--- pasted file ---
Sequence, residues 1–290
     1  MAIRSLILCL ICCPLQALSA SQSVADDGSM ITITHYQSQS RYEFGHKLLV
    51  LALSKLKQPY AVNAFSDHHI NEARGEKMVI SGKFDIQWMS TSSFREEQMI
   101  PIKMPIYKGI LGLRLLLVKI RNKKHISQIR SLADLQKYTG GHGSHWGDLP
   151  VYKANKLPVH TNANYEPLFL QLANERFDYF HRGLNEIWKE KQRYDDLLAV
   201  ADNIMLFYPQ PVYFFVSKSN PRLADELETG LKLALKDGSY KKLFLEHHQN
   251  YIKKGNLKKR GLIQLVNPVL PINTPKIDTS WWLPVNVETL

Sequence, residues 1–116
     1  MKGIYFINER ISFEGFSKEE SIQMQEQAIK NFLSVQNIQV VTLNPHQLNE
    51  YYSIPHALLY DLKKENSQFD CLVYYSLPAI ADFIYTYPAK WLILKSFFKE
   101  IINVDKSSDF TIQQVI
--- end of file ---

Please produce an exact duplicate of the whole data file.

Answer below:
Sequence, residues 1–290
     1  MAIRSLILCL ICCPLQALSA SQSVADDGSM ITITHYQSQS RYEFGHKLLV
    51  LALSKLKQPY AVNAFSDHHI NEARGEKMVI SGKFDIQWMS TSSFREEQMI
   101  PIKMPIYKGI LGLRLLLVKI RNKKHISQIR SLADLQKYTG GHGSHWGDLP
   151  VYKANKLPVH TNANYEPLFL QLANERFDYF HRGLNEIWKE KQRYDDLLAV
   201  ADNIMLFYPQ PVYFFVSKSN PRLADELETG LKLALKDGSY KKLFLEHHQN
   251  YIKKGNLKKR GLIQLVNPVL PINTPKIDTS WWLPVNVETL

Sequence, residues 1–116
     1  MKGIYFINER ISFEGFSKEE SIQMQEQAIK NFLSVQNIQV VTLNPHQLNE
    51  YYSIPHALLY DLKKENSQFD CLVYYSLPAI ADFIYTYPAK WLILKSFFKE
   101  IINVDKSSDF TIQQVI